For years, I have tried to learn more about generics, but since my work was never in need for such implementation, I never bothered. Finally, an opportunity arose. I cannot go in specific details, but I had to write a Windows service (in C#) that daily obtains vast amount of similar data which must then be written to half a dozen tables of exactly the same structure. At this point, I would like to add, that amount of data obtained and amount of destination database tables are due to change at any point in future.


What are Generics?

According to Microsoft MSDN site “Generics allow you to define type-safe classes without compromising type safety, performance, or productivity. You implement the server only once as a generic server, while at the same time you can declare and use it with any type”. In reality this translates to the fact that if you must implement a class or function that needs to do same thing for different types, you can only write it once.

In .NET world, most of us use Generics daily, without knowing it. They are disguised as lists, collections and dictionaries.


Basic use

Generics are best explained by example. Imagine that you need to create a simple calculator. This calculator must be able to perform operations on various types (e.g. integer, double, decimal, long etc.). One way would be to write an interface and then implement class once per type, but that means each correction made, must be made in multiple different spots. Easier way is to use Generics and implement a class like:

public class Calculator<T> {
   public T Add(T value1, T value 2) {
       return value1 + value2;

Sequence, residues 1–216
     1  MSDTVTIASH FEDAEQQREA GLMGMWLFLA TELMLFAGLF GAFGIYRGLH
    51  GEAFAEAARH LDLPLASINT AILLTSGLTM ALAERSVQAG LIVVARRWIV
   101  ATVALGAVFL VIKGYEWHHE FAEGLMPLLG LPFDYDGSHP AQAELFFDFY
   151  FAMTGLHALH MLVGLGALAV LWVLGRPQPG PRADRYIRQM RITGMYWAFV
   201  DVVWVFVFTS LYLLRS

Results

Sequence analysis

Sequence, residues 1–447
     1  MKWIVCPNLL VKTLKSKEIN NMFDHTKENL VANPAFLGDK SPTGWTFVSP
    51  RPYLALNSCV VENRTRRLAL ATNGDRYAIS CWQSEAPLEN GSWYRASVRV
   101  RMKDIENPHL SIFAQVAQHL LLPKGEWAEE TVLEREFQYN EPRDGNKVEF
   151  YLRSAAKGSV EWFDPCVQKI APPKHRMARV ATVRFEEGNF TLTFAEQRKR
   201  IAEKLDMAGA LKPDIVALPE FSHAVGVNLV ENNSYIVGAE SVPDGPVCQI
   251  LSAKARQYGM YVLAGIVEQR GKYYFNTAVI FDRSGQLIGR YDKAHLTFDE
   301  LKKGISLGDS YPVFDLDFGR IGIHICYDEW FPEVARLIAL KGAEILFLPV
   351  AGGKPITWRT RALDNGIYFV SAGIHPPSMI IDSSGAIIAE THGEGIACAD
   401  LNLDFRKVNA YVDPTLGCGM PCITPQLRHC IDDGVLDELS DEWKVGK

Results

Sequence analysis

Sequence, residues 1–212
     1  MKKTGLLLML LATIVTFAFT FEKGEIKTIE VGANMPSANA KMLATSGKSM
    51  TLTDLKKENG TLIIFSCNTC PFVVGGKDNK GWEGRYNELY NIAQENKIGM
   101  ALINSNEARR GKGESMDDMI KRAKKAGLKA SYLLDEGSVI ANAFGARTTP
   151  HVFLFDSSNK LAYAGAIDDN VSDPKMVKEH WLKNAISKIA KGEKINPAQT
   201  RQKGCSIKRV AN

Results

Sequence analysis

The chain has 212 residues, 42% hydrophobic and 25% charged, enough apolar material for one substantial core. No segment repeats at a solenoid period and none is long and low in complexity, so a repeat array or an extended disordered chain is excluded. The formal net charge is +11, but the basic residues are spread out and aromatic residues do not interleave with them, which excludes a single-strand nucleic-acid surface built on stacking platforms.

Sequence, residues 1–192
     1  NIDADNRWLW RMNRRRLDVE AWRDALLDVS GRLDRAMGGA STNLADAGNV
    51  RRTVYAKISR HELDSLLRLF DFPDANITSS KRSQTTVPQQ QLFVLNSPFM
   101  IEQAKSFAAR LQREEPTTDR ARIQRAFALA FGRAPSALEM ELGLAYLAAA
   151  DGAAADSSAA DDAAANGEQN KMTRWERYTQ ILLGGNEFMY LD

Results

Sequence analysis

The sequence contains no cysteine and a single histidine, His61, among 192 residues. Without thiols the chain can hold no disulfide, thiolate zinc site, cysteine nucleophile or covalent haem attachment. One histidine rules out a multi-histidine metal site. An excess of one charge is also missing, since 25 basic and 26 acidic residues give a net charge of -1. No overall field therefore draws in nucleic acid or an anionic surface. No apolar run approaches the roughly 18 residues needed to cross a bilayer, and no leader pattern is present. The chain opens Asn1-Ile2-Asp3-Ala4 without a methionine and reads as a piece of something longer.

You can then simply use this class in your code as:

Calculator<int> calcInt = new Calculator<int>();
int nSum = calcInt.Add(10, 5);

Another implementation can be done in case of such a simple calculator. This time class will not use Generics, but method Add will:

public class Calculator {
   public T Add<T>(T value1, T value 2) {
       return value1 + value2;

In your program, you then need to do:

Calculator calc = new Calculator();
int nSum = calc.Add<int>(10, 5);

This brings you better scalability, as you can also do the following without initializing another Calculator object instance:

double dSum = calc.Add<double>(10.0, 5.0);


Limiting acceptable types

In previous example, we assumed that a user would only use types that support operator ‘+’ as values for our Calculator. However, nothing prevents user form using a type that doesn’t. Unfortunately for you, Generics cannot be limited to primitive types. There is an ongoing debate on StackOverflow and also some workarounds that exceed intention and topic of this article.

In my real life problem, I had to write a Generic method that only accepts type that derive from EntityObject class. Here is how one would go about doing this using where statement in method definition:

private void SaveInterestRate<T>( params ) where T : EntityObject { ... }

Interesting thing is that you can also limit into types to all classes or all structs by simply doing

private void myFunction<T>() where T : struct {}


private void myFunction<T>() where T : class {}



Creating new variable of type T

In some cases a generic method will need to create an object of type that was passed to generic function and then return it. In your method, you can do this: